TRIBUTES have been paid to a Second World War veteran who took part in the D-Day landings and has died, aged 94.

Charles Eagles, from Sunderland, served with the Durham Light Infantry (DLI) during the Second World War.

Mr Eagles, who went on to found a photography shop in Sunderland, which had a branch in Durham, died on January 19.

The Northern Echo: MILITARY MAN: Charles Eagles in his younger daysMILITARY MAN: Charles Eagles in his younger days

Charles Eagles, pictured in 1946

Originally from Newcastle-under-Lyme, in Staffordshire, Mr Eagles joined the DLI after being mistakenly sent to Newcastle-upon-Tyne after he was injured falling off a cliff while training with the Commandos in Scotland.

He became a sergeant with the 9th battalion of the DLI, and was just 19 when he landed on Gold Beach, in Normandy, on June 6, 1944.

In July that year, while the DLI was making progress across France, he was badly injured when a mine exploded.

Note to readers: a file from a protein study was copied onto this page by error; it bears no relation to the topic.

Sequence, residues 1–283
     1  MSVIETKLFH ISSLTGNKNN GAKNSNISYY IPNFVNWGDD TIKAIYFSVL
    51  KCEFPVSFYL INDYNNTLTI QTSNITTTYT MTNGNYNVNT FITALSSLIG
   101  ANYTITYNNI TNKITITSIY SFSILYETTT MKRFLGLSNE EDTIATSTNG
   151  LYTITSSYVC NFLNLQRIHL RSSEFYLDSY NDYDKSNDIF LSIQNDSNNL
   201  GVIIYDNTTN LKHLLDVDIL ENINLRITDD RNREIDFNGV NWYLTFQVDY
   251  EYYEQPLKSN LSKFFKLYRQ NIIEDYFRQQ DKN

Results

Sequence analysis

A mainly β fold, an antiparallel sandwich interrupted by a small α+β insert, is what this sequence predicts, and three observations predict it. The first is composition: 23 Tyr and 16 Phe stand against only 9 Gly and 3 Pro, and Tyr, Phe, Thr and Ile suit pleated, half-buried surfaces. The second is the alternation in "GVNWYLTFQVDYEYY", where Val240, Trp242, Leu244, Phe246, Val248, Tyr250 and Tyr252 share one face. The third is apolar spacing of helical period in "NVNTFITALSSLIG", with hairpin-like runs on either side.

While recuperating at Dryburn Hospital, in Durham, he met his future wife Irene, from Meadowfield, and the couple went on to have two children, Brian and Sandra.

Some years ago, Mr Eagles wrote an account of his time in the war, which was published in a series of articles in the Northern Echo. Read them here

Following Irene’s death in 1982, he married his second wife Lyn and he had five grandchildren and seven great grandchildren.

In 1972 he founded Charles Eagles and Son, a photography business, which still has a shop in Maritime Street.

The Northern Echo:

Charles Eagles returned to Normandy for the first time since in the war to mark the 60th anniversary of the D-Day landings

Following his death, friends and customers paid tribute to a “hero”, “true gentleman” and “wonderful man”, while others recalled his kindness, integrity, honesty and charm.

A post on the shop’s Facebook page said: “Our condolences go out to Lyn,Brian,Sandra and all the family.

“It was a privilege to have him as not just a boss but to have known him as a friend a true gentleman and hero.”

In 2004, he returned to Normandy for the first time since the war to mark the 60th anniversary of the landings, and in 2016 he joined other DLI veterans to retrace their steps across the former battlefields of France.

In 2015, he was one of eleven DLI veterans to be presented with the Legion D’Honneur, France’s highest military honour, at Durham Cathedral’s festival of remembrance.

At the time, he said: “It’s a nice surprise that we’re getting these medals, I only feel sorry for the lads who didn’t make it.”

His funeral takes place on Wednesday, February 13, at 1pm at Sunderland Crematorium.